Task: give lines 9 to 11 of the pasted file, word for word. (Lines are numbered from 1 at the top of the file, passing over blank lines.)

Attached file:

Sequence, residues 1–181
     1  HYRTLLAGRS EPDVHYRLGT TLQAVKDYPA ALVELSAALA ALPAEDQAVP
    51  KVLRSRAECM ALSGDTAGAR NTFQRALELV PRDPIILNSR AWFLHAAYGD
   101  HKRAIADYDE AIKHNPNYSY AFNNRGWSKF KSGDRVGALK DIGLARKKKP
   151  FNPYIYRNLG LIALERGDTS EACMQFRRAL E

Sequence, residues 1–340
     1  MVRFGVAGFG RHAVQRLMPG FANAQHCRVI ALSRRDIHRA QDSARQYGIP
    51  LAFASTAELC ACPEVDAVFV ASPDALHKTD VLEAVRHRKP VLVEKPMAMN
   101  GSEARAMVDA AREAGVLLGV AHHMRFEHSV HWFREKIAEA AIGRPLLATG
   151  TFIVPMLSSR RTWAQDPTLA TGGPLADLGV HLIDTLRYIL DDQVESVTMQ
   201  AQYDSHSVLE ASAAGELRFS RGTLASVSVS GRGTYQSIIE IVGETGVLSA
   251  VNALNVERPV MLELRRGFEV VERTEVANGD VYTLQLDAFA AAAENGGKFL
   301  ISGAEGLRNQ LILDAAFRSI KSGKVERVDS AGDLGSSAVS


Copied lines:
   101  GSEARAMVDA AREAGVLLGV AHHMRFEHSV HWFREKIAEA AIGRPLLATG
   151  TFIVPMLSSR RTWAQDPTLA TGGPLADLGV HLIDTLRYIL DDQVESVTMQ
   201  AQYDSHSVLE ASAAGELRFS RGTLASVSVS GRGTYQSIIE IVGETGVLSA